Work on the new airport began in 1937. By the end of 1939, a grass airfield surface, internal roads, car parks and electrical power and lighting were set up; the inaugural flight from Dublin took place on 19 January 1940 to Liverpool. In August 1938, work began on a new airport terminal building; the terminal building was designed by architect Desmond FitzGerald, brother of politician Garret FitzGerald. FitzGerald, who had designed an airport terminal as part of his college studies, led a team of architects that included Kevin Barry, Daithí Hanley, Charles Aliaga Kelly, Dermot O'Toole and Harry Robson; the terminal building opened in early 1941, with its design influenced by the tiered structure of the luxury ocean liners of the time. The terminal was awarded the Triennial Gold Medal of the Royal Hibernian Institute of Architects in 1942 and is today a listed building. Due to World War II, known as The Emergency in the Irish Free State, services were restricted at Dublin Airport until late 1945.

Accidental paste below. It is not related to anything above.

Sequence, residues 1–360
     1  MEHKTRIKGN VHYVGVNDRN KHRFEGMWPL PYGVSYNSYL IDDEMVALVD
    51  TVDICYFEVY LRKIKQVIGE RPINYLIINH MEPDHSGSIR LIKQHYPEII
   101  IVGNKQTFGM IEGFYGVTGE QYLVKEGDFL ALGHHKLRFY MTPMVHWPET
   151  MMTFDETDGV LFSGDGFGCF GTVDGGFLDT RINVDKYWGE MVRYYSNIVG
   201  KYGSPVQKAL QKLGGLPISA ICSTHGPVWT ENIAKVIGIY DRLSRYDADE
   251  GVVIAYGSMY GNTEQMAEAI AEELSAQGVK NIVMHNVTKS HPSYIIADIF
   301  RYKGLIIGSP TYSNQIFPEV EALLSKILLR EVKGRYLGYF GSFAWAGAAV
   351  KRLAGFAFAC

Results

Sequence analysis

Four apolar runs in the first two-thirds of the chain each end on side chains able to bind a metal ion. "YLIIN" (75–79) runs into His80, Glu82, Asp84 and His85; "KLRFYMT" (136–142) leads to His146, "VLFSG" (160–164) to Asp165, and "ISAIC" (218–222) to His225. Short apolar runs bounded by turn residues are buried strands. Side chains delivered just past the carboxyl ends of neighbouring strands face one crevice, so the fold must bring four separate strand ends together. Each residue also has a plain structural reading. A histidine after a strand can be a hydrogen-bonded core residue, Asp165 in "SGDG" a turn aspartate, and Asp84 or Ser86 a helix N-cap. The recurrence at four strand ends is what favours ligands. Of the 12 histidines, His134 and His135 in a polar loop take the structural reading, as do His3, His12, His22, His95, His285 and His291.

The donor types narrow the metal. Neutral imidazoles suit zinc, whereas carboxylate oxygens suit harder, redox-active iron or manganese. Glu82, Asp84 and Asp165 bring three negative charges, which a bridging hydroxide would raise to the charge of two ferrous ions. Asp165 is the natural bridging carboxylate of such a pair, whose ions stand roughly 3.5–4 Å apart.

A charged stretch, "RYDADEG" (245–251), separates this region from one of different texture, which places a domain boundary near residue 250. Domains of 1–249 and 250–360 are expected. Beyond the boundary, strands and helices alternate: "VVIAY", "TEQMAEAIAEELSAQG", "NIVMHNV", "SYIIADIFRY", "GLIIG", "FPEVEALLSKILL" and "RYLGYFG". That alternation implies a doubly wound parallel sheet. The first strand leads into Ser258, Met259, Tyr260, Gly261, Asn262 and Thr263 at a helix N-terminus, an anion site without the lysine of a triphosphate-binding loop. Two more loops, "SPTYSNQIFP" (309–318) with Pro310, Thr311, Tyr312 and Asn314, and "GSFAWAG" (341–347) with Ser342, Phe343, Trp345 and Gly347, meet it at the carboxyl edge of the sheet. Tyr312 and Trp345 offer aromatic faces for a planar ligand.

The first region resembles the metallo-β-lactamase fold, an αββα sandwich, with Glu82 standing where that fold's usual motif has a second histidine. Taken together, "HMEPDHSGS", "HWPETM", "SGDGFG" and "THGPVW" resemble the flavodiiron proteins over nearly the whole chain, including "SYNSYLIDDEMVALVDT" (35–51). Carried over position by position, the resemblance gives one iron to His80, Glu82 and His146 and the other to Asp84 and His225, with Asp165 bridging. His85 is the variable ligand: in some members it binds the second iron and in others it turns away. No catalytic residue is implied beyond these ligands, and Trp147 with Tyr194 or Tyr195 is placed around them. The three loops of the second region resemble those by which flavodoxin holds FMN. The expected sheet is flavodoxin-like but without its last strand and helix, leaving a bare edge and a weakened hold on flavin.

The only international scheduled routes operated during this time were by Aer Lingus to Liverpool. The end of the war meant the beginning of a major expansion in services at the airport. Aer Lingus resumed its London service to Croydon in November 1945. In 1947, KLM started the first European flights to Dublin with a service to Amsterdam. Three new concrete runways were completed in 1948, in 1950 - after ten years in operation - the airport had welcomed a total of 920,000 passengers. Throughout the 1950s Dublin Airport expanded with uninterrupted traffic growth. Runway extensions and terminal enhancements were carried out to deal with the influx of traffic and passengers. New airlines began serving the airport also; these included British European Airways, BKS. In 1958, a new transatlantic service was started by Aer Lingus via Shannon Airport. By the mid 1950s, it was clear that the original terminal building was too small to cope with growing passenger numbers. A new North Terminal was opened in June 1959.